“The Giver” by Lois Lowry
Well, now there’s egg on my face. Unhealthy, dystopian egg. Because while I did indeed read Bradbury’s classic Fahrenheit 451 in school, I somehow managed to dodge this middle-school staple, even though it was published right amidst my school years. Lowry’s tale is set in a seeming utopia that reveals its dark side when a young lad named Jonas begins training to take on the role of the “Receiver of Memory,” a role that reveals the lies stretched over his society as a whole. A movie version of the Newbery Award-winning book is due out this November starring Jeff Bridges, Brenton Thwaites, Meryl Streep, Katie Holmes, Alexander Skarsgard, and Taylor Swift.
“The Handmaid’s Tale” by Margaret Atwood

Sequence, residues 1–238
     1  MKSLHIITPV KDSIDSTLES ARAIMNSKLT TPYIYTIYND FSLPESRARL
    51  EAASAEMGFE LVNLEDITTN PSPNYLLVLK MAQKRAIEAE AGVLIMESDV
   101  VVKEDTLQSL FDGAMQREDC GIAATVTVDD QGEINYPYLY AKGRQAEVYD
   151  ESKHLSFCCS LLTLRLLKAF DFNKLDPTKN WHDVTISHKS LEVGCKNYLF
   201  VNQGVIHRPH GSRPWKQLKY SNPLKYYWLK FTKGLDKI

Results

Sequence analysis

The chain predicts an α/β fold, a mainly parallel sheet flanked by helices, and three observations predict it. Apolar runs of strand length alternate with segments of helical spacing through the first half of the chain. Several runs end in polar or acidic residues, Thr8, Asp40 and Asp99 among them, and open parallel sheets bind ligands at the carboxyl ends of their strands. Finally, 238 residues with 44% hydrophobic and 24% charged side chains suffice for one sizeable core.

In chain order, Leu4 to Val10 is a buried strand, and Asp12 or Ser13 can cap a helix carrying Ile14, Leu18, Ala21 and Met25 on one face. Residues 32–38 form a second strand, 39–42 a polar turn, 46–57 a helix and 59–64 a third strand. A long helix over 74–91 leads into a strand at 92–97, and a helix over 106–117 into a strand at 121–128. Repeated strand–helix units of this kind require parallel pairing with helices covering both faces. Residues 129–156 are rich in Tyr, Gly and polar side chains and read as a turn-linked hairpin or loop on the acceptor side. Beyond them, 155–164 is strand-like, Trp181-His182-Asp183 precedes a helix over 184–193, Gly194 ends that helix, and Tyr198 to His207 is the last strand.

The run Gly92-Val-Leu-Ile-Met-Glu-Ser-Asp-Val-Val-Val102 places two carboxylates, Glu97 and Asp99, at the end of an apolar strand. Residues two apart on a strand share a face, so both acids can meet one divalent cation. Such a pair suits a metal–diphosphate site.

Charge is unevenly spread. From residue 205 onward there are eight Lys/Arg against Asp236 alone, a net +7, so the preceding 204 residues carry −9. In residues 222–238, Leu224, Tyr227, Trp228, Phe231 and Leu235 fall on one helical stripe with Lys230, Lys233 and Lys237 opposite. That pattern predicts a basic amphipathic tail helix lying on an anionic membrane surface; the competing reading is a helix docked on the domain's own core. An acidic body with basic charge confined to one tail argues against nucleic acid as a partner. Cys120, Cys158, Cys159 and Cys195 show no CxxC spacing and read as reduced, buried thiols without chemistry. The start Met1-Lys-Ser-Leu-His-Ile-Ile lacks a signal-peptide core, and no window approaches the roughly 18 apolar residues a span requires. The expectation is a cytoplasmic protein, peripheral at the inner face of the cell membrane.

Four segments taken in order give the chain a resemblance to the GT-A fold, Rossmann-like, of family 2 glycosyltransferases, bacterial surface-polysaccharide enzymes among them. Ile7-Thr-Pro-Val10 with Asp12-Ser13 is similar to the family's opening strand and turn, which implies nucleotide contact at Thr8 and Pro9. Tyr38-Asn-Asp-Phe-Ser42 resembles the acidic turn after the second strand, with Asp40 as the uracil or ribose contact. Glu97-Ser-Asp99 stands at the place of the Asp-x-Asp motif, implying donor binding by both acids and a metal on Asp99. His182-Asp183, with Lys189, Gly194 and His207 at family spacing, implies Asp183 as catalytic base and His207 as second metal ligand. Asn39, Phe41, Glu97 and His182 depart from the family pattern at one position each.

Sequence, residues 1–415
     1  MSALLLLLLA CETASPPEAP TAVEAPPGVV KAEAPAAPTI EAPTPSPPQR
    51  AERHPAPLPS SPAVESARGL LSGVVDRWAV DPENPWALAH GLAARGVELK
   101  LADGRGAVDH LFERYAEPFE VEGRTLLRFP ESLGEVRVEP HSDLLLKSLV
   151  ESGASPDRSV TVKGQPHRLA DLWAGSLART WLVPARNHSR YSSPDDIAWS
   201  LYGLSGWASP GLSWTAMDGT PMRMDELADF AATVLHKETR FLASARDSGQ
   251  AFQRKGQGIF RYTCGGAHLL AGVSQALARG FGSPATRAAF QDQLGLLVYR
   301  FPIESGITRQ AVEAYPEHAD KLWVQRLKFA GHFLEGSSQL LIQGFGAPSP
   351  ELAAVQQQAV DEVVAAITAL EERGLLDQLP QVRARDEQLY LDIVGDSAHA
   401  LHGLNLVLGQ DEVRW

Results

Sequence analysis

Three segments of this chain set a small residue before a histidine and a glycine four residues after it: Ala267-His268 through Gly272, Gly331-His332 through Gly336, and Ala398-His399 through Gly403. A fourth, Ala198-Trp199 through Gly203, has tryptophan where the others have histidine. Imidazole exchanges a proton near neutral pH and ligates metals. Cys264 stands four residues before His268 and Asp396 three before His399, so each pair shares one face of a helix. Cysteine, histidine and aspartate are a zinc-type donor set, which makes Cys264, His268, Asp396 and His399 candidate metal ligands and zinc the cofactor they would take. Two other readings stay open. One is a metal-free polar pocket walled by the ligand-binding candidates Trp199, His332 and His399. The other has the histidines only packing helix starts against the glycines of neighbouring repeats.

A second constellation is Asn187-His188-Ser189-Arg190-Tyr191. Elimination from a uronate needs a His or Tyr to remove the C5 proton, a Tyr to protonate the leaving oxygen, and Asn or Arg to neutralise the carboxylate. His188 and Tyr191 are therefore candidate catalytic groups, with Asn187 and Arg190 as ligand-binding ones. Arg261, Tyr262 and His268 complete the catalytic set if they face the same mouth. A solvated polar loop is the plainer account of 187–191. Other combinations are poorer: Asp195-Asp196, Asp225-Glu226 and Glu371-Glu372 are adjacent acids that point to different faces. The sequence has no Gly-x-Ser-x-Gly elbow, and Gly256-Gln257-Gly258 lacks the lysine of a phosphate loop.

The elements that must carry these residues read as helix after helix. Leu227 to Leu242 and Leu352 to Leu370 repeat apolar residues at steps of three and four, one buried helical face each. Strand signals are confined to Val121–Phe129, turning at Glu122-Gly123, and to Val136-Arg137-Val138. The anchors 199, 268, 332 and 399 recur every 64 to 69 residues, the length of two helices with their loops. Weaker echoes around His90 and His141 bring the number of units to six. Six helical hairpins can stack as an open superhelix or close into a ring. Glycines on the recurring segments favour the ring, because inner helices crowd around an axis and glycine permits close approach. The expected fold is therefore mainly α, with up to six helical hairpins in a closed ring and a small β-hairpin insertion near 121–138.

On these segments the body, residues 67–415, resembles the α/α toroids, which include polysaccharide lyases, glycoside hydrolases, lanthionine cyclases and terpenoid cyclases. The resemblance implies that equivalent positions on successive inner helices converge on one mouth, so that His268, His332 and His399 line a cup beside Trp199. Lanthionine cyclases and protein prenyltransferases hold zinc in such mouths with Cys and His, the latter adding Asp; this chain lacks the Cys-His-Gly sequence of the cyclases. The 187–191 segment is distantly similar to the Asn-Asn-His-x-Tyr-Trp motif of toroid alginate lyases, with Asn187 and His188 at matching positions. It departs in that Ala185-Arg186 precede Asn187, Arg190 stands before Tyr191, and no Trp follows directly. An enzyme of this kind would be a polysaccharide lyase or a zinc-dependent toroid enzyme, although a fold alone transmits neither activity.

Yet another dystopian tale. Come to think of it, pretty much half the science fiction books on this list are dystopian or post-apocalyptic in nature. No wonder everybody’s so damn depressed these days! Can a brother get an upbeat bedtime story already? (Answer: you can, but it’s actually a downbeat tragedy in disguise.) In The Handmaid’s Tale, the United States is bent beneath the weight of a totalitarian Christian theocracy — somewhere a Fox news anchor just had an orgasm — where women are oppressed, forbidden to read, and essentially used as breeding stock. I’ve never actually gotten around to reading this one, but it’s certainly not helping cheer up this list, is it? Me and my inner feminist are going to go rewatch Buffy the Vampire Slayer to improve my mood. But only the happy episodes. Should be done in around four hours. There was a movie adaptation back in 1990, starring Natasha Richardson and Faye Dunaway, among others.